Sunday, 10 January 2016

Another Poem by Shushanik Kurghinian

Although this poem was not written during the period of the First World War, it has a very powerful message that is still valid today.   As Shushan Avagyan has kindly sent me her translations of several poems written by Shushanik Kurghinian, I thought I would share some of them with you.

I Want to Live

S. Kurghinian, 1907

I want to live, but not a lavish life

trapped in obscurity, unconcern, foolishness,

nor an outright hostage of beauty aids

as a frail creature, delicate and feeble

but equal to you, oh men, prosperous

as you are powerful and headstrong,

fit against calamities, ingenious in mind

and bodies full of fervor.


I want to love, unreserved, without a mask

autonomous like you, so that when in love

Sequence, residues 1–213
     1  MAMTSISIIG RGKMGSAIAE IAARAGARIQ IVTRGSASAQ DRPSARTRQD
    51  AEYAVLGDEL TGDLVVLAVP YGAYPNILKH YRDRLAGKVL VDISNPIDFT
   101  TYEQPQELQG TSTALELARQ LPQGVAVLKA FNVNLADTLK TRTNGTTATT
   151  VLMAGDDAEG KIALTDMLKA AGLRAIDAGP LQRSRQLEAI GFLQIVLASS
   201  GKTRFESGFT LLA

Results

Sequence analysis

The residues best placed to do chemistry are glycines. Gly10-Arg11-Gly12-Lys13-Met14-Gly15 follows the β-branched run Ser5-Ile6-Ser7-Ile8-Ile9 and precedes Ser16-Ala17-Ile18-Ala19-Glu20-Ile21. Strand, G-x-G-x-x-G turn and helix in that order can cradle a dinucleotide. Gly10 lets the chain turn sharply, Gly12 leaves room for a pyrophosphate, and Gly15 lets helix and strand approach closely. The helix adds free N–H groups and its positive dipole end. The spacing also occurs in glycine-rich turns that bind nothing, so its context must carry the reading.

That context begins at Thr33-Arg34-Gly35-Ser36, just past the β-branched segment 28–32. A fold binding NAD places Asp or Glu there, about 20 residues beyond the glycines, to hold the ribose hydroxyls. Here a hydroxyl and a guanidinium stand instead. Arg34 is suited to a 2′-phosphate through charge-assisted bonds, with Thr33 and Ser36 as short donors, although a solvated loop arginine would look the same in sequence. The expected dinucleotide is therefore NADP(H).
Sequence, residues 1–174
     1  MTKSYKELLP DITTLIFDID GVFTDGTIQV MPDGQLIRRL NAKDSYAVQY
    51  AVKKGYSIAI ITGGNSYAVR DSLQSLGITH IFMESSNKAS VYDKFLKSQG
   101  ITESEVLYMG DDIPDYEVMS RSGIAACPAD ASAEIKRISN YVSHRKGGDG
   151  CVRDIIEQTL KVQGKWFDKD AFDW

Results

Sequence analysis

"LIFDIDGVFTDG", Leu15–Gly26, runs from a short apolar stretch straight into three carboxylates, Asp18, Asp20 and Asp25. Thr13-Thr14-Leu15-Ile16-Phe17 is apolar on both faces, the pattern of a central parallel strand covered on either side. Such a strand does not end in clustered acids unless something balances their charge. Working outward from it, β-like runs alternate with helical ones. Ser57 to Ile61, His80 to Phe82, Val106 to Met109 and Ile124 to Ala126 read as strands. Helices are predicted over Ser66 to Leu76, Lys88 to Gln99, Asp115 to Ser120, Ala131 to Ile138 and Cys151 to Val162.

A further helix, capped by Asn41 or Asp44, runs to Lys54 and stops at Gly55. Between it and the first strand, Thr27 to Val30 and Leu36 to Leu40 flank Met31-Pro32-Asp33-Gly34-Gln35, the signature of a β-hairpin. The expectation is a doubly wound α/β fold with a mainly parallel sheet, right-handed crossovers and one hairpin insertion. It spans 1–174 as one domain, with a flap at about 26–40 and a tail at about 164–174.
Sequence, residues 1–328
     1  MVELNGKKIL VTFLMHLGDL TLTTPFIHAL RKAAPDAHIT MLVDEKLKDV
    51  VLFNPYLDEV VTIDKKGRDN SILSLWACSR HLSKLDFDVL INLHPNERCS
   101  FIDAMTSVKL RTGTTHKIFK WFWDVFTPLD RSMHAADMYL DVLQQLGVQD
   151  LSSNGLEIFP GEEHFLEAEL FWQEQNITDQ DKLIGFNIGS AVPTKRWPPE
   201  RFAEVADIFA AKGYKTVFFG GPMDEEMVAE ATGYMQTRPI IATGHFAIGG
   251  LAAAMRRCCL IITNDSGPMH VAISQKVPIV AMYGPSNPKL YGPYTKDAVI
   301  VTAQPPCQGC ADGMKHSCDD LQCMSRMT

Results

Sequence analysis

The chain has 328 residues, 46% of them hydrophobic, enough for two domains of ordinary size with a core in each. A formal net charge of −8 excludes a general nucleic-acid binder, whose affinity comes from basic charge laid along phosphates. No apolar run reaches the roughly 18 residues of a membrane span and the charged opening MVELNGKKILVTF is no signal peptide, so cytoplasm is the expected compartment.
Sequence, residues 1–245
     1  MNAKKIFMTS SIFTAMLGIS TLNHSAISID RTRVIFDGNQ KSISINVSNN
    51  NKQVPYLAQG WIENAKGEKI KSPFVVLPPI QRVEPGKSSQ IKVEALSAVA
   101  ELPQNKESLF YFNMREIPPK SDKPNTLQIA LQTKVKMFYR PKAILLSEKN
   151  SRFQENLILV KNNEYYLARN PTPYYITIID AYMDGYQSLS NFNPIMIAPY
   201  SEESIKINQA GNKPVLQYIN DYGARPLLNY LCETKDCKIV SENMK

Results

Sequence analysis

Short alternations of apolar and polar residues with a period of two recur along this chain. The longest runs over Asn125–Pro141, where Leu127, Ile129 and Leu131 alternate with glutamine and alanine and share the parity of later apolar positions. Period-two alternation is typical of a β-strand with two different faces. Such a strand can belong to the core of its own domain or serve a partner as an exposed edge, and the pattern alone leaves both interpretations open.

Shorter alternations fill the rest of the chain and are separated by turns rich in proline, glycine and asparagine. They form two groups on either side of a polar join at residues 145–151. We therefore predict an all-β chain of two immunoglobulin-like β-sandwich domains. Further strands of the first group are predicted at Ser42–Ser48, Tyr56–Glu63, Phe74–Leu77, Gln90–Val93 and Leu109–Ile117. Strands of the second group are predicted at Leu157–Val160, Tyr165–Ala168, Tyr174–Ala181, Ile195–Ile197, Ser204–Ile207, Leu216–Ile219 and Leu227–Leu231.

I can sing my feelings to the world

and unchain my heart a woman’s heart

before the crowds . . . ignoring their stern

judgements with my shield and destroy

their prickly arrows aimed at me

with all my vigor unrestrained!


I want to act, equal, next to you,

as a loyal member of the people,

let me suffer over and again, night or day,

wandering from one place to another,

always struggling for the ideal

of freedom . . . And let this burden

torment me even in my exile

only to gain a purpose in this life.


I want to eat, comfortably as you do,

from that same fair bread, for which

I gave my share of holy work;

in the struggle for existence, humble and meek,

without feeling humiliated, let me

shed sweat-and-tears for a blessed earning,

let scarlet blood flow from my worker’s hands

and let my back tire in pain!


I want to fight, first as your rival,

standing against you with an old vengeance,

that absurdly and without mercy you

turned me into a vassal through love and force.

Then after clearing these issues of my sex

I want to fight against the agonies of life

courageously like you, holding your hand,

facing together this strife of being or not . . .